The world of crime and law can be a daunting one – even more so if you don’t know the lingo. Our illegal activity jargon buster provides you with a break down and a definition of all the words and phrases that are commonly used throughout this section of our advice centre and might be confusing you.
In order to be cultivated, Cannabis needs a certain type of warm, light and humid environment, often man-made indoors with lamps and humidifiers. These environments are referred to as Cannabis farms.
Despite having a few different meanings, penalties are usually the concept of punishment involving money or fines.
These are the costs involved with paying for lawyers and the court in legal cases, often paid for by the person or company that loses said case.
This refers to criminal activities that are organised and controlled by groups and carried out on a large scale. It’s commonly associated with gangs and gang culture.
The crime of intentionally causing damage to a property.
Class A Drugs
Illegal drugs are placed into one of 3 classes based on how dangerous they are deemed to society. Class A drugs are the most dangerous and include heroin, cocaine and crack, methadone, ecstasy (MDMA), LSD and magic mushrooms.
Class B Drugs
The second most dangerous class includes amphetamines (such as crystal meth), mephedrone, cannabis, and commonly prescription drugs such as barbiturates and codeine.
Class C Drugs
Class C are the least dangerous, but still illegal drugs, which include tranquillisers, GHB/GBL (otherwise known as liquid ecstasy), ketamine, anabolic steroids and benzodiazepines (similar to ecstasy).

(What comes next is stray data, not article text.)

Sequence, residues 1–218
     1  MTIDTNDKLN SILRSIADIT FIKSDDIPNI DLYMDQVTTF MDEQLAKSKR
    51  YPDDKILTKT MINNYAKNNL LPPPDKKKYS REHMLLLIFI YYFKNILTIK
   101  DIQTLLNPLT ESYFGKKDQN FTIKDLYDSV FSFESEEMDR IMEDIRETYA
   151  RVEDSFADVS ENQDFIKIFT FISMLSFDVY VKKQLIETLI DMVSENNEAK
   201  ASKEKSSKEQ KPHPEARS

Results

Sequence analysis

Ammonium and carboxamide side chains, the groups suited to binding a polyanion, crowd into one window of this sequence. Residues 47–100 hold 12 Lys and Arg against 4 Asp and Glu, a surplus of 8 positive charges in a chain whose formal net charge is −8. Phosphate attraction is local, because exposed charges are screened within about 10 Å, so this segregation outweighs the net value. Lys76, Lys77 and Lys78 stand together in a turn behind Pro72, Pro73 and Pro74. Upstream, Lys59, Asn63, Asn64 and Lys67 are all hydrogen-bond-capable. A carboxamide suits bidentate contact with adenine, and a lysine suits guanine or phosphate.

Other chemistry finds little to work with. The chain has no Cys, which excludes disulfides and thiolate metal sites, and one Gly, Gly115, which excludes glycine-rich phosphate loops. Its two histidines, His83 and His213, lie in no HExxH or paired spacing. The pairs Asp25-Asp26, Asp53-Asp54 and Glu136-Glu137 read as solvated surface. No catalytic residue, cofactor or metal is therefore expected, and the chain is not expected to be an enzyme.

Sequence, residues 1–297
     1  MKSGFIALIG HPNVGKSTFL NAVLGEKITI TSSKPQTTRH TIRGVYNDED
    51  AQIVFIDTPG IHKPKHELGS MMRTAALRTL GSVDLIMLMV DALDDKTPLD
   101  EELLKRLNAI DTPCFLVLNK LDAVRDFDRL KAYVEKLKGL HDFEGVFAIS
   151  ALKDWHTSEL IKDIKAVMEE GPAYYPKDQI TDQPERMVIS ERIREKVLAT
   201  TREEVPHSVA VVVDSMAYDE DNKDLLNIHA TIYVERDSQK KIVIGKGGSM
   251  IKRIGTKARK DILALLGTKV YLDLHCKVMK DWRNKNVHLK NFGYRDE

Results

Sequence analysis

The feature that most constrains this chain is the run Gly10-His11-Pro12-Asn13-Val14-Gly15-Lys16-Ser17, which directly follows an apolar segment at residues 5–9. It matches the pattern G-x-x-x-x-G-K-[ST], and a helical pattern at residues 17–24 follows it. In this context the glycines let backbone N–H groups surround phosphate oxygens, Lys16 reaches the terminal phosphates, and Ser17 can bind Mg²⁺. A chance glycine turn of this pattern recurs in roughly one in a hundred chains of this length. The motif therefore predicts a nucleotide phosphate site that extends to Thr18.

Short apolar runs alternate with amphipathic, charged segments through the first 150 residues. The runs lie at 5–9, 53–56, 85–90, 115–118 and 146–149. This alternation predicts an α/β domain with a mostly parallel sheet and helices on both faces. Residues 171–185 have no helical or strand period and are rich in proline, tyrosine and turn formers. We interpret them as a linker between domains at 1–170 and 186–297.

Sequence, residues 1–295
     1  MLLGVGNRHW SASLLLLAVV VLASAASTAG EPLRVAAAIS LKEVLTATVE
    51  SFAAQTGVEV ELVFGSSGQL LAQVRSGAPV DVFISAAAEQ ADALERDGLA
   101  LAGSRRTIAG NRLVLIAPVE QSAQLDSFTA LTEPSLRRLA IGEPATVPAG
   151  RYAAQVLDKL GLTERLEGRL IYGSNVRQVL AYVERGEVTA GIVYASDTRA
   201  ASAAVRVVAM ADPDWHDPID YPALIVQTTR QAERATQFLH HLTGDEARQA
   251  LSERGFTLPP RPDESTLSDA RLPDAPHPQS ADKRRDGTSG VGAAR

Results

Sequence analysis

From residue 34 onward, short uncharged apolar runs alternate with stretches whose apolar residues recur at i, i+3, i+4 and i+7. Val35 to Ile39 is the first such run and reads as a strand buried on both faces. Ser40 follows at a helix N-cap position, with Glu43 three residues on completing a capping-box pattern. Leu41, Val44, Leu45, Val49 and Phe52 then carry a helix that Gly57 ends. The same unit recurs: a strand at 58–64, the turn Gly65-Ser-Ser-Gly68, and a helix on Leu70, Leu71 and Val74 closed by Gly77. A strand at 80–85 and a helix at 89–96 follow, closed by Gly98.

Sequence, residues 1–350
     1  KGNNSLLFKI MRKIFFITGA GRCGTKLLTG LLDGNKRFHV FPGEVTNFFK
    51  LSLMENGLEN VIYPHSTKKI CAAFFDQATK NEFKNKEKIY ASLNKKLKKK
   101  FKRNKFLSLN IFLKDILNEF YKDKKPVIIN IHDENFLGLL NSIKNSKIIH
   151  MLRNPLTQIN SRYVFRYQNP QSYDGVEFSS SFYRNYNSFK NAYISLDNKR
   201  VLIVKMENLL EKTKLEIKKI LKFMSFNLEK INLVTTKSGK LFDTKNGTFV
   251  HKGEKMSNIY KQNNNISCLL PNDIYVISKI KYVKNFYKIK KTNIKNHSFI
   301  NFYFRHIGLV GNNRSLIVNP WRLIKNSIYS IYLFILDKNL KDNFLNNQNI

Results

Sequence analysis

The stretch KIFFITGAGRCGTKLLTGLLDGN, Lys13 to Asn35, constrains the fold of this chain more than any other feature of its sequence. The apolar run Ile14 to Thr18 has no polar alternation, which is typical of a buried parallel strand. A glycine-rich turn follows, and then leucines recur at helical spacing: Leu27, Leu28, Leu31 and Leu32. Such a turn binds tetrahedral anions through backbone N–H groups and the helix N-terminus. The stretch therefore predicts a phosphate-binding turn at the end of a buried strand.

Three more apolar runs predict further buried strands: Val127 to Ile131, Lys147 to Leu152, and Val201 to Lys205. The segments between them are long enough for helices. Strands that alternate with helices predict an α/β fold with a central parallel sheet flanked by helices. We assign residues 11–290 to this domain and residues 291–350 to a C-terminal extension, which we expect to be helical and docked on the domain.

To be prosecuted is to be officially accused in a court of law of committing a crime.
This term is typically used to describe a prostitute/sex worker.
A usually private and relatively safe place where drug addicts gather to use, and often sell, drugs.
This is a blanket term referring to all illegal and usually highly addictive drugs.
This is defined as acting in a way that causes harassment, alarm or distress to the public, including neighbours. Examples include street drinking, environmental damage i.e. littering, begging and inconsiderate or inappropriate use of vehicles.
An injunction refers to an order from the court of law that restrains a person doing a specific act that may be threatening or invading the legal rights of someone else. Failing to comply with an injunction can result in criminal or civil penalties, or even imprisonment.
A subtenant is a person who rents a property from a tenant, as oppose to the landlord.
A subletter is a person who rents a property but lets someone else (a subtenant) stay there and pay the rent. Instead of the subtenant then paying the rent directly to the landlord, the subletter remains in the chain, taking the rent from the subtenant and paying it to the landlord.
Subletting is the act of renting the property that you rent from a landlord, to a subtenant.
Notice to Quit
Otherwise known as an eviction, this is when a landlord orders a tenant to leave the rental property by a certain date. It can also be used to order a tenant to pay overdue rent, resolve property damage or stop using the property for illegal purposes.
A private place where people meet to engage in illegal, unregulated gambling.